The Leading Mises Scholar on the Man and His Legacy

JEFF DEIST: You are German, but not from a big city in Germany.

GUIDO HÜLSMANN: That’s correct, a small town.

JD: Did your small-town upbringing influence your career and outlook?

GH: I think so. The town where I went to high school in those years had the highest communist voter percentage in all of Western Germany. And this presence made itself felt also in the school, not necessarily among the teachers, although there was at least one communist, but especially among the student body. We always had very engaged discussions, sometimes heated discussions about policy issues. I still remember that I actually gave my first public talk at the age of 15, in the context of the rearmament debate. All communists were against it and since the communists were against it, it must have been the default position for any other human beings. So, they didn’t find any older people to stand up to them, and I was ignorant enough and had enough personality to do this. So, I did it at the age of 15 and that was my first experience.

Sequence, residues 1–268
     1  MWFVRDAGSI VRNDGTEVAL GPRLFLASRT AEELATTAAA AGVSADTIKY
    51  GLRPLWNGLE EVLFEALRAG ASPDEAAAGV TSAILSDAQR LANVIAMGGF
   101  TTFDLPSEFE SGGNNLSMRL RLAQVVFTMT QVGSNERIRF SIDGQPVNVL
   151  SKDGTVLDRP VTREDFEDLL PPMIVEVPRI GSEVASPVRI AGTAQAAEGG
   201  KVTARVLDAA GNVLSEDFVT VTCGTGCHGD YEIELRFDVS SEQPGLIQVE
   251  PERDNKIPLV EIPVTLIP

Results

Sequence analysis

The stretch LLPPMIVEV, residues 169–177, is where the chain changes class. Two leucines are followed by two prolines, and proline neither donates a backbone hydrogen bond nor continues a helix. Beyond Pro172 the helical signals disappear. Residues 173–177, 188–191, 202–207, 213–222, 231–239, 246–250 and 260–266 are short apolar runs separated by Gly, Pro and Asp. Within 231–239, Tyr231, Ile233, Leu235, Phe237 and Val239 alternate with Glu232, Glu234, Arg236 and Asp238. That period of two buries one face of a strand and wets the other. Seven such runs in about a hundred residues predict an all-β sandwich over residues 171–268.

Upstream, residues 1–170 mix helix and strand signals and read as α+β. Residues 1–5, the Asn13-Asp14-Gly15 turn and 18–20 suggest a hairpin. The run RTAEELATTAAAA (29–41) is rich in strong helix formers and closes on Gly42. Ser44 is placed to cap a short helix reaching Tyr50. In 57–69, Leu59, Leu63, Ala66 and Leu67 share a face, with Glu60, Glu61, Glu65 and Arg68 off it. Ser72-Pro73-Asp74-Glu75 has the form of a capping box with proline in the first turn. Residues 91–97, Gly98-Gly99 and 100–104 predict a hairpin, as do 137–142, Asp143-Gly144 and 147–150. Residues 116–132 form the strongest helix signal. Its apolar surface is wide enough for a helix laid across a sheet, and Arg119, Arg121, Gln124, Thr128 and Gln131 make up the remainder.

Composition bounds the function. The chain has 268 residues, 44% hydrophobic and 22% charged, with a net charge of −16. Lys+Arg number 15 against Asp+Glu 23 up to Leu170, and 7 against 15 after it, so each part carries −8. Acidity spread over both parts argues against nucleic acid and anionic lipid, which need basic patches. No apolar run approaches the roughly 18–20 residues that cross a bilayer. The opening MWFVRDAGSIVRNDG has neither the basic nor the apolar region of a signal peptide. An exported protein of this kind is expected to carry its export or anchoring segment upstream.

JD: You didn’t go through a leftwing phase as a young man?

GH: Not very much. I was flirting with some leftwing ideas when I was at the university.

JD: You decided to go to Technical University in Berlin, and studied engineering rather than economics.

GH: After school, I spent one year in the military for mandatory service, so I had a lot of time to give it some thought. There were two options for me at the time. Either I could become an airline pilot or do something with the economy. As far as the economy is concerned, either it would have been business law or engineering with complementary economic instruction. I knew that I was interested in this because I took a class in economics while in the military. In the…

Read more